Subject: Re: Patents (was Re: DiBona, Allman, Tiemann, O'Reilly, Perens interview)
From: "Stephen J. Turnbull" <>
Date: Mon, 31 Jan 2000 18:39:14 +0900 (JST)

>>>>> "kms" == Karsten M Self <> writes:

    kms> On Mon, Jan 31, 2000 at 01:54:55PM +0900, Stephen J. Turnbull
    kms> wrote:

    kms> There's still the problem of providing an incentive for a
    kms> stricter rating of patent applications.  I don't see this
    kms> happening, whether the resources for doing it are available
    kms> or not.

Same one as you have for writing good software:  pride in one's work.
Plus some push from the outside: examiners will not like having their
names associated with egregriously bad patents.  Nor will their
downstream employers.

Sure, we need to push hard on the standards, too.  But I think the
examiners themselves would like to do a better job, and would do so
given the tools.

    kms> provisions, with DMCA it's possible to make a common carrier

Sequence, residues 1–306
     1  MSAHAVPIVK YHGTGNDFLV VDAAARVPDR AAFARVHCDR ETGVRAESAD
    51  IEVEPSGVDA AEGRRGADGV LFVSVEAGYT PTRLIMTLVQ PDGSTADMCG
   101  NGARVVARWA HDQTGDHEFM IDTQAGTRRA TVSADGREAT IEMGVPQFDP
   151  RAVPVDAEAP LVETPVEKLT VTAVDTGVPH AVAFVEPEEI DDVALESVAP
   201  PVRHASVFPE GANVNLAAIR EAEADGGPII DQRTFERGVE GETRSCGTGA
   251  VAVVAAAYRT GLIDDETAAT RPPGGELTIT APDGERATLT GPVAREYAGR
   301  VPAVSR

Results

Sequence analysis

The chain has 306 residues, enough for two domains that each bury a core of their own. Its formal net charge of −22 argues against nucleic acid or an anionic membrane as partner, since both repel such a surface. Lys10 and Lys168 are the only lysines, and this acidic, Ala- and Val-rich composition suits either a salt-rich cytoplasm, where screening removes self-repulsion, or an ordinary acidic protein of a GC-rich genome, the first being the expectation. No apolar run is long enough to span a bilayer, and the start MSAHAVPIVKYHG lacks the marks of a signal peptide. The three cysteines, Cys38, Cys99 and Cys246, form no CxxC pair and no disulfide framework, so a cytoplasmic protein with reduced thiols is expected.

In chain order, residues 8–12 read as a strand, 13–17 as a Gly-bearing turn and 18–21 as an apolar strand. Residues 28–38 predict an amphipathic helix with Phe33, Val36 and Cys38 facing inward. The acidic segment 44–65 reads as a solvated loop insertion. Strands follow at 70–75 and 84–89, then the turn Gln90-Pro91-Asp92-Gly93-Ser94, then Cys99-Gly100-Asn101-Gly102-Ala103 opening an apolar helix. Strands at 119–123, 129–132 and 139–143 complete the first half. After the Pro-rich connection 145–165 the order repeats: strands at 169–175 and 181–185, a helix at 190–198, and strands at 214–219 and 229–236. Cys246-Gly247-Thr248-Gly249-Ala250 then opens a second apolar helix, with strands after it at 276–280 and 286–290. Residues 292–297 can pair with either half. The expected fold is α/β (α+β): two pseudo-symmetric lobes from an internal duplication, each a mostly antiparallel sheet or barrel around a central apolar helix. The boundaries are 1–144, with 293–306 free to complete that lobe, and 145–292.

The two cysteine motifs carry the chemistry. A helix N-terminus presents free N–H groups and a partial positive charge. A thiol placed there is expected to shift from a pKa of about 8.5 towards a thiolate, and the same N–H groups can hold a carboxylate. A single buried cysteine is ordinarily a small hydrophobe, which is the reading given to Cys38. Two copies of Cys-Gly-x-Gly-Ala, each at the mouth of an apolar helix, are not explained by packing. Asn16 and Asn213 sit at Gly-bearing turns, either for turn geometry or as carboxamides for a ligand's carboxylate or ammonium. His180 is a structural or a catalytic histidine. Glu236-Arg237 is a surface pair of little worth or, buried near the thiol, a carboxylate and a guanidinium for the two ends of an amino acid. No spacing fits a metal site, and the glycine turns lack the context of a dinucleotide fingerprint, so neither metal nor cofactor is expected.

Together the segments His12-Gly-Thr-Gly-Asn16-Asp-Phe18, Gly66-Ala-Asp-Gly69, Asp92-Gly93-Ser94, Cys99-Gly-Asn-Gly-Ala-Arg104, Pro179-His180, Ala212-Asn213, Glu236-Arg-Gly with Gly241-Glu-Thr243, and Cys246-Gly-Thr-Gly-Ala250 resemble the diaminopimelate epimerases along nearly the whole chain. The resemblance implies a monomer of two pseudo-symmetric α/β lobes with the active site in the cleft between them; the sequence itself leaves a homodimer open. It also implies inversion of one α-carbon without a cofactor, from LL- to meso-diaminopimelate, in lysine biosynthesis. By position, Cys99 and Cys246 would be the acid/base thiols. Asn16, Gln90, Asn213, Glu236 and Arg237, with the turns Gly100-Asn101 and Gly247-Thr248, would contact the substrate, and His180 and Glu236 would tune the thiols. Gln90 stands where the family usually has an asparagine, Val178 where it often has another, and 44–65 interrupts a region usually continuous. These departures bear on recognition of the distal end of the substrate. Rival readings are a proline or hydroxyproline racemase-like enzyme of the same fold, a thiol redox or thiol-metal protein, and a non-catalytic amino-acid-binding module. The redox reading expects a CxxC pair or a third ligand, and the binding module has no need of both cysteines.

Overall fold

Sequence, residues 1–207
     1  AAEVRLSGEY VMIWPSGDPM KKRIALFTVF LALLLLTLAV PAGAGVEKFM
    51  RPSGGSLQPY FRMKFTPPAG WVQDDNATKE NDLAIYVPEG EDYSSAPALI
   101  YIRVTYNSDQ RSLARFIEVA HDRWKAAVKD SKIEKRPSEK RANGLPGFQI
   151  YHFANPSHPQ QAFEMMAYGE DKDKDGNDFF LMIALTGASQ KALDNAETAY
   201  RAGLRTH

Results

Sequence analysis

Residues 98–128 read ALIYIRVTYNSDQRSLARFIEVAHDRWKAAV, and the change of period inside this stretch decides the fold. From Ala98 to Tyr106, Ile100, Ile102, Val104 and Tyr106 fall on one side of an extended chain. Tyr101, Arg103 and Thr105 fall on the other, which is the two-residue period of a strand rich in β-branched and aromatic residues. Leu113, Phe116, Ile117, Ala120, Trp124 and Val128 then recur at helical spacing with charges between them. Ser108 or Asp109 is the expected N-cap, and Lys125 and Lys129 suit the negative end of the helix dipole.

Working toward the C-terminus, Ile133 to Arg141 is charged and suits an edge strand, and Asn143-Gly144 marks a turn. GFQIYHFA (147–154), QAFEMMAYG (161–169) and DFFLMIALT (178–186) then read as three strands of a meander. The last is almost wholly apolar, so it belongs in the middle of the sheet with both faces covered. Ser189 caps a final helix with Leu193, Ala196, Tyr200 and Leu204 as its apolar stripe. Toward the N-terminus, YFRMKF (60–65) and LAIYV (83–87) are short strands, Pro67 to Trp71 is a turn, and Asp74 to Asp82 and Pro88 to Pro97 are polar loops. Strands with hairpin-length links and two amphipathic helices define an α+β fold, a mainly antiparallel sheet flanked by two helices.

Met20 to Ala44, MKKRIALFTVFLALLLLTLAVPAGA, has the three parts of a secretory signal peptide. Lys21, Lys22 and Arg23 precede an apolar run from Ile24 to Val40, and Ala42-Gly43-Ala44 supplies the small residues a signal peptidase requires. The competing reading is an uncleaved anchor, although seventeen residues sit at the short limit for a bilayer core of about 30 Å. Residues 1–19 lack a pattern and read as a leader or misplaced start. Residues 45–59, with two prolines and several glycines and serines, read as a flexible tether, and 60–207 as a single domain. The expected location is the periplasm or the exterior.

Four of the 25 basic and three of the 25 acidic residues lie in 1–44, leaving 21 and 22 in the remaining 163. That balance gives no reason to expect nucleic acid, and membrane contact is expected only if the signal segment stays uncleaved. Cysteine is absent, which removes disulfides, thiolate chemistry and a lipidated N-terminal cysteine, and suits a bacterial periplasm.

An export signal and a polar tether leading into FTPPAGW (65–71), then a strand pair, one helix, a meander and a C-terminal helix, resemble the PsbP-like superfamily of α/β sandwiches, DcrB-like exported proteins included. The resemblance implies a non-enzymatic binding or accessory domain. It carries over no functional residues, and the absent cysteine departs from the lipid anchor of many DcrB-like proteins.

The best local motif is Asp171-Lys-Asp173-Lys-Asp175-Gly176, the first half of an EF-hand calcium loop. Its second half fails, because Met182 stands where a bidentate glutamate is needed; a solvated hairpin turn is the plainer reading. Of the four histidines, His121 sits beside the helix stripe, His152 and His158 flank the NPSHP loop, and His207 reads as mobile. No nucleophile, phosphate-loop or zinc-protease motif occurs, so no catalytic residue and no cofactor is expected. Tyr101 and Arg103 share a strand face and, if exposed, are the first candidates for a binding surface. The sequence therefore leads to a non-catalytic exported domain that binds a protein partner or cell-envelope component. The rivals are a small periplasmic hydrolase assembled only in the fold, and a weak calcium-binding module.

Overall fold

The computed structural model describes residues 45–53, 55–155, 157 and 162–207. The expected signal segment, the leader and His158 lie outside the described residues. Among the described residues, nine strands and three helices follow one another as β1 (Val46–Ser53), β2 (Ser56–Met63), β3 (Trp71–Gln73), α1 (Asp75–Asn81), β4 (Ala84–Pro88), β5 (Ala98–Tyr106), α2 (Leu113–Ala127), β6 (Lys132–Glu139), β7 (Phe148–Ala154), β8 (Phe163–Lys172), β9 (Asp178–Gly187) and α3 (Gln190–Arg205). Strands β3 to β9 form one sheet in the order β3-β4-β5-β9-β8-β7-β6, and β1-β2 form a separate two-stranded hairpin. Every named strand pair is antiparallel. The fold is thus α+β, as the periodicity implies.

kms> pull content on *assertion* of infringement, not proof.  I'm
    kms> not sure if this requires and injunction or not, my reading
    kms> of the applicable law is not.

"Make" != "injunction"?

    >> And remember, even this scenario would probably only apply to
    >> patents held by professional patent extortionists.  Companies
    >> like IBM would probably prefer cross-licensing, pools, or
    >> reasonable fees.

    kms> How about, say, and E-brokerage house defending its market
    kms> turf against other comers.  Leaving IBM alone, but picking on
    kms> smaller targets.

The other comers are going to be Morgan Stanley Dean Witter, Merrill
Lynch, et al.  "Small"?

Sure they can chase you or me out, but MSDW will have an incentive to
fight that one.

    >> So I suspect that even when some F500 firm takes a hit, in many
    >> cases the outcome would be proposals for reform of a type that
    >> would be particularly ugly for OSS, tending to support the IP
    >> of well- entrenched companies with large portfolios who are
    >> well-behaved leeches, but make life difficult for people who
    >> hold one or a few patents.

    kms> Thanks for making my day, Steve.

We ain't called the "dismal science" for nothing.

It's possible that we can educate those F 500 firms, of course.  But I
don't think their natural tendency is going to be to blow away IP
protections, since most of them have legal departments with vested
interests in that.

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